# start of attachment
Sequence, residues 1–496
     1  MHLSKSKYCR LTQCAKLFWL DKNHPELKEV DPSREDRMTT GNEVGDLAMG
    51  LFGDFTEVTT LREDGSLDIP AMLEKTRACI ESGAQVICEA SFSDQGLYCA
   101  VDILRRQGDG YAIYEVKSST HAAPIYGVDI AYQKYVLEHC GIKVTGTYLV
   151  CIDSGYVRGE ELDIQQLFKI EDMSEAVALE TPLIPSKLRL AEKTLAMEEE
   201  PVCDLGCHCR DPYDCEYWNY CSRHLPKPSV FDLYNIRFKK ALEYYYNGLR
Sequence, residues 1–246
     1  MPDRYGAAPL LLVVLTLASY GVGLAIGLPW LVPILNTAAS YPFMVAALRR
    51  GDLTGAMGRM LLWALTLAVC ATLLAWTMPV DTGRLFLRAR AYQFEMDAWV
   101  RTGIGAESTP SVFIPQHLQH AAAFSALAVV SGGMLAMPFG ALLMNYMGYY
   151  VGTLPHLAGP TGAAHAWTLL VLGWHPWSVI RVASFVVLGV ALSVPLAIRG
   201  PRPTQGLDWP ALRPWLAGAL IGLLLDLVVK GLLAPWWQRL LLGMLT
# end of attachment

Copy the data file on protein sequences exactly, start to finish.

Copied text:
Sequence, residues 1–496
     1  MHLSKSKYCR LTQCAKLFWL DKNHPELKEV DPSREDRMTT GNEVGDLAMG
    51  LFGDFTEVTT LREDGSLDIP AMLEKTRACI ESGAQVICEA SFSDQGLYCA
   101  VDILRRQGDG YAIYEVKSST HAAPIYGVDI AYQKYVLEHC GIKVTGTYLV
   151  CIDSGYVRGE ELDIQQLFKI EDMSEAVALE TPLIPSKLRL AEKTLAMEEE
   201  PVCDLGCHCR DPYDCEYWNY CSRHLPKPSV FDLYNIRFKK ALEYYYNGLR
Sequence, residues 1–246
     1  MPDRYGAAPL LLVVLTLASY GVGLAIGLPW LVPILNTAAS YPFMVAALRR
    51  GDLTGAMGRM LLWALTLAVC ATLLAWTMPV DTGRLFLRAR AYQFEMDAWV
   101  RTGIGAESTP SVFIPQHLQH AAAFSALAVV SGGMLAMPFG ALLMNYMGYY
   151  VGTLPHLAGP TGAAHAWTLL VLGWHPWSVI RVASFVVLGV ALSVPLAIRG
   201  PRPTQGLDWP ALRPWLAGAL IGLLLDLVVK GLLAPWWQRL LLGMLT